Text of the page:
A rogues' gallery of mountebanks, charlatans and scoundrels
Of all the animals of prey, man is the only sociable one.
Every one of us preys upon his neighbour, and yet we herd together.
The Beggar's Opera: John Gay
Thursday, 19 May 2011
and still it goes on...
It's been over a month since my car 'accident' and the phone is still ringing, as company after company try to persuade me that I must have been injured - in a stationary car 'hit' by one barely moving - and should make a claim;
'After all,' they say, 'the other driver has admitted liability. The money will be sitting there waiting for you to claim it.'
Small wonder, then, that these claims are becoming a serious financial drain on the pockets of policyholders. The Association of British Insurers has described the UK as the 'whiplash capital of Europe', with around 1,200 claims for whiplash made every day.
The ABI estimates that the cost of whiplash claims adds around 20 per cent or £74 to motor insurance premiums.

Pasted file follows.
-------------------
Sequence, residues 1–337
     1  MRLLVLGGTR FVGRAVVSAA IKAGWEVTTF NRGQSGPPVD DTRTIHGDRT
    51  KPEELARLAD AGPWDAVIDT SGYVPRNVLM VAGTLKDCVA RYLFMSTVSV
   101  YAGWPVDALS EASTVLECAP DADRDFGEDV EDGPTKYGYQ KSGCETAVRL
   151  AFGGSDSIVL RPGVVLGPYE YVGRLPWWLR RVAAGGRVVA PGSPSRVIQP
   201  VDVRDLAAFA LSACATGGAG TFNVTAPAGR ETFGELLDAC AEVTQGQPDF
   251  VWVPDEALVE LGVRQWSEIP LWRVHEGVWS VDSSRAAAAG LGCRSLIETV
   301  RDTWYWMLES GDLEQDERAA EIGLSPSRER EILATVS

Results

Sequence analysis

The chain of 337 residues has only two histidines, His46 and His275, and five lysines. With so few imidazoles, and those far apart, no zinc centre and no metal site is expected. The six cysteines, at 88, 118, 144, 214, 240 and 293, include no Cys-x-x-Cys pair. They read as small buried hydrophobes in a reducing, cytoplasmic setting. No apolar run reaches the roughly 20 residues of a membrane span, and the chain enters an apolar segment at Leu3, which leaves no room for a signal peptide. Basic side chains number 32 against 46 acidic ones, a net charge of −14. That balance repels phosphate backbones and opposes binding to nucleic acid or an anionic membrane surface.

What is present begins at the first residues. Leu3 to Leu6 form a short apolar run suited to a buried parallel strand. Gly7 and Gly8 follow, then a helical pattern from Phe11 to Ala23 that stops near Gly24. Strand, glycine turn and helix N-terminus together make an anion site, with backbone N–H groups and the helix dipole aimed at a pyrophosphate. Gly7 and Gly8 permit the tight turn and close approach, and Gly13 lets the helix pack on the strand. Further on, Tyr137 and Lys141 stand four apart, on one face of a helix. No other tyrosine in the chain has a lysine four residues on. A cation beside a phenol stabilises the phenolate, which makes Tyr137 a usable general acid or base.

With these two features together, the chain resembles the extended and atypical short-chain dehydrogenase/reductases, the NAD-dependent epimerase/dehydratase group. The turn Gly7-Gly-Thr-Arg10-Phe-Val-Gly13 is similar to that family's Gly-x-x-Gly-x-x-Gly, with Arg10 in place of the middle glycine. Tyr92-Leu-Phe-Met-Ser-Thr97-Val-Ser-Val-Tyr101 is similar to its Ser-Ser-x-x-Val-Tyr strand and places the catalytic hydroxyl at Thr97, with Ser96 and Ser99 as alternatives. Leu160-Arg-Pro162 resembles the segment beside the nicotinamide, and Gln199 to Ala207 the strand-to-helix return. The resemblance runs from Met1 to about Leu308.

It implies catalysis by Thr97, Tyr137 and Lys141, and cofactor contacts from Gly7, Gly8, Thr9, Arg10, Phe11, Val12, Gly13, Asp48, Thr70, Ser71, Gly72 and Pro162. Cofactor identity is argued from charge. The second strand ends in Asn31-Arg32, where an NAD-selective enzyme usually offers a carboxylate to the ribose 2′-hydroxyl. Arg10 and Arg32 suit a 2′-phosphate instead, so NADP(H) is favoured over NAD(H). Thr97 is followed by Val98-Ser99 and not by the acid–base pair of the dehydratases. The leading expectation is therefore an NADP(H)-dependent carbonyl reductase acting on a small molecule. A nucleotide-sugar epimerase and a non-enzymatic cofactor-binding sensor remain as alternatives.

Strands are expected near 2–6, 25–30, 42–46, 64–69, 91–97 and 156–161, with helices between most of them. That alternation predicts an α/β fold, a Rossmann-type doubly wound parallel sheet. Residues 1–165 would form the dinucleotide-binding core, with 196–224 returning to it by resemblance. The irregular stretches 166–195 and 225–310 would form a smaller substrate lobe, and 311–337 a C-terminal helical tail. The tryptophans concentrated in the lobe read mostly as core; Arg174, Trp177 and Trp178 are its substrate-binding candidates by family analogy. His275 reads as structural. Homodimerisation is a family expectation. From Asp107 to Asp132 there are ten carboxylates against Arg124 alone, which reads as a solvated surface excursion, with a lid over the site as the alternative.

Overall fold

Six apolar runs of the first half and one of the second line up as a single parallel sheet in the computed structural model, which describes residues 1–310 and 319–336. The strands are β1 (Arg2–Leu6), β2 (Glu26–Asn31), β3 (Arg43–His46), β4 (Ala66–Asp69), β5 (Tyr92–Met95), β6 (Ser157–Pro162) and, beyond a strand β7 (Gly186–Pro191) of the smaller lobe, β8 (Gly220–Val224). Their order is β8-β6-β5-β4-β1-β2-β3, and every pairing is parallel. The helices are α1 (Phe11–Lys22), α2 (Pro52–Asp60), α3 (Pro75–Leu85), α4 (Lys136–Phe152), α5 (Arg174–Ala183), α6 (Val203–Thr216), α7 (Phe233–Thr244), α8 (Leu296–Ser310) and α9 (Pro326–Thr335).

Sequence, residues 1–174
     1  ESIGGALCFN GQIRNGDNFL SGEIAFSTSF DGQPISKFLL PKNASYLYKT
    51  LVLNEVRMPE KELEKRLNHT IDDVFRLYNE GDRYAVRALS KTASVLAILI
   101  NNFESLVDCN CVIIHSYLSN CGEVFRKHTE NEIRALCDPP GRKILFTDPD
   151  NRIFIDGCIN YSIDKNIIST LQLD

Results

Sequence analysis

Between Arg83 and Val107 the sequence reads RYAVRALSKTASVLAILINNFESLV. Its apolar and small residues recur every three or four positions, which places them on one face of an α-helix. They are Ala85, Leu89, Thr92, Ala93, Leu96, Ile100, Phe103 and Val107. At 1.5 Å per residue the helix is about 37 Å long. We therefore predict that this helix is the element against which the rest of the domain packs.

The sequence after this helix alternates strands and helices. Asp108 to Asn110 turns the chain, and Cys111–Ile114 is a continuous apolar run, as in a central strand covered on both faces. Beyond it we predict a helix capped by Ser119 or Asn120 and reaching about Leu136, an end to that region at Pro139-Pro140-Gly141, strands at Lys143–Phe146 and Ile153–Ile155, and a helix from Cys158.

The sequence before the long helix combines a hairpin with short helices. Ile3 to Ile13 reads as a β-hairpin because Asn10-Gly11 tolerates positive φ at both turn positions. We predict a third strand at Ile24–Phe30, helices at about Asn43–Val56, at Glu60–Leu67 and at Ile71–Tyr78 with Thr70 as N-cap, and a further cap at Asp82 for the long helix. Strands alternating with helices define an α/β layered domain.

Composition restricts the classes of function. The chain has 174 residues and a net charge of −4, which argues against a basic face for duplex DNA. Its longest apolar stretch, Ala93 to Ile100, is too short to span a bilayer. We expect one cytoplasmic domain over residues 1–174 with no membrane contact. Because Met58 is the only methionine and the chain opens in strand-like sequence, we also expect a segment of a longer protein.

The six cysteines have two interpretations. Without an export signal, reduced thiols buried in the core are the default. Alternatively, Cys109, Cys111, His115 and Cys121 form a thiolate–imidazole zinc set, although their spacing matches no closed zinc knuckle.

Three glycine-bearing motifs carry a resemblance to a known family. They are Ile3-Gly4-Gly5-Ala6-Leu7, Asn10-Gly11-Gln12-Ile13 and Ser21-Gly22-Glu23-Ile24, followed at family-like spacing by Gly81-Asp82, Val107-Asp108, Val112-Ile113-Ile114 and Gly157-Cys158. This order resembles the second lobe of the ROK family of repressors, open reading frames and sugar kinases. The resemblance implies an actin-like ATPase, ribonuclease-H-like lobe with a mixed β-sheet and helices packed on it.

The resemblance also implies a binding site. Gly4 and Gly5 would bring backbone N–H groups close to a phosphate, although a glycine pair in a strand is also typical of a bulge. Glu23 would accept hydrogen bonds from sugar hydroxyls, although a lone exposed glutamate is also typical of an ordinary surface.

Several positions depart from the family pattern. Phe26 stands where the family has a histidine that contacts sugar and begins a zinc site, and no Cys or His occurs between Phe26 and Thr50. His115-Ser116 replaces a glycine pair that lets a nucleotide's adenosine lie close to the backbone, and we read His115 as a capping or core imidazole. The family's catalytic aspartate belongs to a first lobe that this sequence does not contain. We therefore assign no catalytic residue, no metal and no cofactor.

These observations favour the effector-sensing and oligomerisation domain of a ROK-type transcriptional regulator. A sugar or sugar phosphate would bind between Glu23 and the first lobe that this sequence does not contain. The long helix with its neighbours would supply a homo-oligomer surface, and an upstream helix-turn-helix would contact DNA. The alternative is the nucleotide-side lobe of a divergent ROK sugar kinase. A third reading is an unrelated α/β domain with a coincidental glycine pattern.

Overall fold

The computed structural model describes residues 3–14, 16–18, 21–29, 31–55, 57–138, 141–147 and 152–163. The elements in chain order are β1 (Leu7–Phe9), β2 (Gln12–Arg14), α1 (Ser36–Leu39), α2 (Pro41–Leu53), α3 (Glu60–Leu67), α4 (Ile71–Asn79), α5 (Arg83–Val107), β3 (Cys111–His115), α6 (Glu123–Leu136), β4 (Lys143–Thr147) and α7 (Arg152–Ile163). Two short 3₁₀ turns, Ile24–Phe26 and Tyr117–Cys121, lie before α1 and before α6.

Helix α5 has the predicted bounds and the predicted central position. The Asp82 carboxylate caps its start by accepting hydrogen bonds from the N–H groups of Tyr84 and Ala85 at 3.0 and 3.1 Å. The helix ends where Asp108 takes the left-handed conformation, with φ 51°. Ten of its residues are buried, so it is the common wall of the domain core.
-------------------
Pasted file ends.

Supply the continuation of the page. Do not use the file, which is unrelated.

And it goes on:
And the ABI's James Dalton, speaking at the 2011 Whiplash Conference in Leeds (no, really! I picture a few disappointed delegates tiptoeing quietly out when they realise it's only going to be about car accidents), describes the condition as 'a fraudster's dream'.
It's the old tale of the Sorcerer's Apprentice; the insurance companies allowed - and in some cases set up - claims management companies to handle genuine injuries, little realising that these companies would expand inexorably in search of more cases, real or imaginary; growth, after all, is the essence of 21st-century business.
And now they are flooded out with claims, suggesting, in the words of Mr Dalton, that Britain has some of the weakest necks in Europe. He may be right, but in a more figurative way; as long as people lack the moral fibre and backbone to resist the siren calls of these claims companies, the water will continue to rise.
Macheath, the notorious highwayman, has retired from a life of crime and can now be found behind the bar of Peachum's Tavern, favourite haunt of the rakes, rogues and vagabonds of 18th century Newgate and setting of 'The Beggars' Opera'. Visitors are always welcome; help yourself to a virtual tankard of ale and read on...